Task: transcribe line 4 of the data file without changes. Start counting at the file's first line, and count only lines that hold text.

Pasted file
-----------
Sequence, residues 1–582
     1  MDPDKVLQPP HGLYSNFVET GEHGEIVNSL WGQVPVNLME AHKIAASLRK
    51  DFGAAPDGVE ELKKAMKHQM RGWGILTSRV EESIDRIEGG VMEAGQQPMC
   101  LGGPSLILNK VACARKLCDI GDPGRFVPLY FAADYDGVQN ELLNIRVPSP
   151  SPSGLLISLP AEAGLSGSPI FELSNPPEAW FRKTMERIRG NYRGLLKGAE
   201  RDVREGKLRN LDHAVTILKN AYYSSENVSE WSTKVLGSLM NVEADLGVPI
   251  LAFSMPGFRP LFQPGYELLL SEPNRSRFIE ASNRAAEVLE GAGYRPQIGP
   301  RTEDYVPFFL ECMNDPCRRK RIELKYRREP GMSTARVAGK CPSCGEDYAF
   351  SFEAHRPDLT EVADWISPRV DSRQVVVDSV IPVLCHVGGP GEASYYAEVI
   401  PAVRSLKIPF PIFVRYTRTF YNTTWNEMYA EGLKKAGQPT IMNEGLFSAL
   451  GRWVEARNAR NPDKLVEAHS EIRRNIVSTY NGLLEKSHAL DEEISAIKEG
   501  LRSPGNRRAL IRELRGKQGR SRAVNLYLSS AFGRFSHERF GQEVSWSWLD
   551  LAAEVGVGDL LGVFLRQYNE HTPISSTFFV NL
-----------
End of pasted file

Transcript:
   101  LGGPSLILNK VACARKLCDI GDPGRFVPLY FAADYDGVQN ELLNIRVPSP